Toyota HiAce Review Video

The venerable Toyota HiAce is a market-dominating survivor. As other brands have evolved into plusher more ergonomic business tools the HiAce has nonetheless remained Australia’s favourite box on wheels.

Toyota Hiace Driving Jpg

It’s a mid-sized mover with a badge that has a reputation for reliability and durability second to none. And the Crew version gives you the option of carrying three extra passengers.

What Stands Out

The HiAce is the last forward control van left on the Australian market. It’s available as a super long wheelbase, as a mini-bus and as a mid-wheelbase van with a choice of a 3.0-litre turbo diesel or the less popular 2.7-litre petrol donk. The 3.0-litre may sound familiar to some Toyota diehards; it’s the same engine that was used in the last gen HiLux and Prado. It’s a pretty agricultural unit.

2017 Toyota Hiace

The most popular engine by far is the diesel and it makes 100kW of power and 300Nm of torque. Gear changing duties are taken care of by either a five-speed manual transmission or a four-speed auto. While the gearbox may seem old school it does need to be pointed out that this is a proper auto with a torque converter rather than an automated manual. And power gets to the ground via the rear wheels.

There’s nearly six cubic metres of load space in the back of this van, though less with the rear seat unfolded. Payload is just under a tonne and it will tow 1.4 tonnes as long as you don’t have a load in the back.

What’s Inside

There aren’t a lot of creature comforts happening inside this Toyota. There’s a little storage, a couple of cup holders and acres of drab plastic and vinyl. A very basic Bluetooth enabled stereo and air-conditioning are as luxurious as it gets. I should also mention that it does indeed have power steering.

The rear bench seat folds and rolls to make room for a load if need be. Ventilation is provided by windows in the glazed sliding doors. The forward seating position of the HiAce means that you are sitting on top of the front wheels which makes negotiating speed humps a thoughtful endeavor. It does mean however that it has a pretty good turning circle.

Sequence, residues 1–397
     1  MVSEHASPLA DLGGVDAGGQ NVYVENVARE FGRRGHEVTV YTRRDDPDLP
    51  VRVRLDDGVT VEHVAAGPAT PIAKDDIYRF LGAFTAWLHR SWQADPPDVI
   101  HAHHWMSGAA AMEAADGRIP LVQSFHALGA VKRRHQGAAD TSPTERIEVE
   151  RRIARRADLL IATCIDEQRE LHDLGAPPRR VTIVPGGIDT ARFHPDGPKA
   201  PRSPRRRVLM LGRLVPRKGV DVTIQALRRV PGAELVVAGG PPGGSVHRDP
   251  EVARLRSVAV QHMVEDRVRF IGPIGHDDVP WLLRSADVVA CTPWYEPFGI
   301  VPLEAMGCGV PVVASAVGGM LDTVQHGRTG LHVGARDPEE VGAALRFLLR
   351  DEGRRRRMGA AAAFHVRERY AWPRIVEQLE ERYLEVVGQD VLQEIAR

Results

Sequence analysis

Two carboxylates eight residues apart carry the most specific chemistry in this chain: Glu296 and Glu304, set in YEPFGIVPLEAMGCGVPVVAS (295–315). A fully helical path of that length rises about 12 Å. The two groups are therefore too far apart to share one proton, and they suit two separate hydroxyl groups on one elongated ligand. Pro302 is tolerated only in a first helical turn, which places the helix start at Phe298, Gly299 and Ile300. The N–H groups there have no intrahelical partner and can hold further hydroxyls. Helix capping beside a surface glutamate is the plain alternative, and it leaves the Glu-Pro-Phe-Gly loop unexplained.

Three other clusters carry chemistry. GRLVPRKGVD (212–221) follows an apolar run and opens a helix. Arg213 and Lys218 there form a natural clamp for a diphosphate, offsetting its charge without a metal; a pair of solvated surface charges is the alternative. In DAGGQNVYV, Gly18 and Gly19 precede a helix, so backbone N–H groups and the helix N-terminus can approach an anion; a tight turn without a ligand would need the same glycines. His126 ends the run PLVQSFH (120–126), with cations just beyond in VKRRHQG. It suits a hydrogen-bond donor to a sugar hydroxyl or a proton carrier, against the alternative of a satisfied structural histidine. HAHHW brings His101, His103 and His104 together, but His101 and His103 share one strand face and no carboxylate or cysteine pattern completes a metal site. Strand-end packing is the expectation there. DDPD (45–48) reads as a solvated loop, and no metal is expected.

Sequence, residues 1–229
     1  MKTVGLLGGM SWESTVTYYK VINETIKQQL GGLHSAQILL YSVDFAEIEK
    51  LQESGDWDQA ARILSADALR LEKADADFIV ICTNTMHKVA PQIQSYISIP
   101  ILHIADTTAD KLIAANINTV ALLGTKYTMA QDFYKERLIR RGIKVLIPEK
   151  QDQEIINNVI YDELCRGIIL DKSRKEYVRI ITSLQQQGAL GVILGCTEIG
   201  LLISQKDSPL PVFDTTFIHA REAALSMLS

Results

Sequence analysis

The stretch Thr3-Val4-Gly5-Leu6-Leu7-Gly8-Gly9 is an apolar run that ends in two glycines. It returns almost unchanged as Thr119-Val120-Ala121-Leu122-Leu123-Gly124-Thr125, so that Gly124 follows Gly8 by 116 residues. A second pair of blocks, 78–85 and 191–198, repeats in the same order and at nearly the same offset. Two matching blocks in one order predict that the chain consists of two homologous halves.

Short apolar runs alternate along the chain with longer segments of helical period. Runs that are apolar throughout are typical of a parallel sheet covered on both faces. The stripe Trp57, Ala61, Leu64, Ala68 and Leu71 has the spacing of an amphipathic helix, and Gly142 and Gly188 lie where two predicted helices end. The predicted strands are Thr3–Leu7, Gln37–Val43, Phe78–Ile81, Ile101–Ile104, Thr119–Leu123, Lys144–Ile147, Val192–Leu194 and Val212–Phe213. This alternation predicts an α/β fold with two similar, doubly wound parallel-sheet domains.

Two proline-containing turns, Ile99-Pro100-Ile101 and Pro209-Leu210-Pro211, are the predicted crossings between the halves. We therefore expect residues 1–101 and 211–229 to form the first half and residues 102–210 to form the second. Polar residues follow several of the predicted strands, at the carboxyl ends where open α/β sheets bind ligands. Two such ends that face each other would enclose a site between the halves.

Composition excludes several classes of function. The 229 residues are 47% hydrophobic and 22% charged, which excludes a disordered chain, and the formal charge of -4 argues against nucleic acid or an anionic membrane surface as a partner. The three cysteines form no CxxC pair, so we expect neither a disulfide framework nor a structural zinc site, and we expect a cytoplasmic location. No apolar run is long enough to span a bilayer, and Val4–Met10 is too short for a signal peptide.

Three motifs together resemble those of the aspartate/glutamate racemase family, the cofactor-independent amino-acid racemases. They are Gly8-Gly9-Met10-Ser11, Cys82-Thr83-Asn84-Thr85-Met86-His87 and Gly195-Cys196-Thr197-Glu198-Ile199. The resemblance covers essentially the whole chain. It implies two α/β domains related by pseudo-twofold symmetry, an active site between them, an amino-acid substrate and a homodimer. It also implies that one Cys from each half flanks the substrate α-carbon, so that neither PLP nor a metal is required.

Toyota Hiace mid–size van

Choosing Yours

If you want a basic box on wheels with a reputation for bulletproof reliability, here’s your van. If you want comfort and up to the minute features, look elsewhere. The Toyota HiAce is a solid dependable workhorse that will cop virtually everything you throw at it.

But it does feel very dated both to sit in and drive. The 3.0-litre diesel engine is a tough engine and both gearbox options are as well. The petrol version lends itself to gas conversions and is popular with the taxi crowd. The diesel though is the choice of couriers and tradies everywhere.

The HiAce gets a three year 100,000km warranty and service intervals are at 10,000km intervals.

Summing Up

In the mid–size van market virtually all of the opposition is superior in terms of performance, refinement and comfort. But the business case for HiAce just keeps on selling it. It doesn’t break, stuff fits in it and it’s drive layout means that it’s pretty nimble in the back streets.

Small businesses continue to buy HiAces based on Toyota’s reputation for not breaking or falling to bits. It’s a rough and tumble workhorse and this Crew version only expands its appeal to those who need a versatile business appliance on wheels.


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Matt Wood

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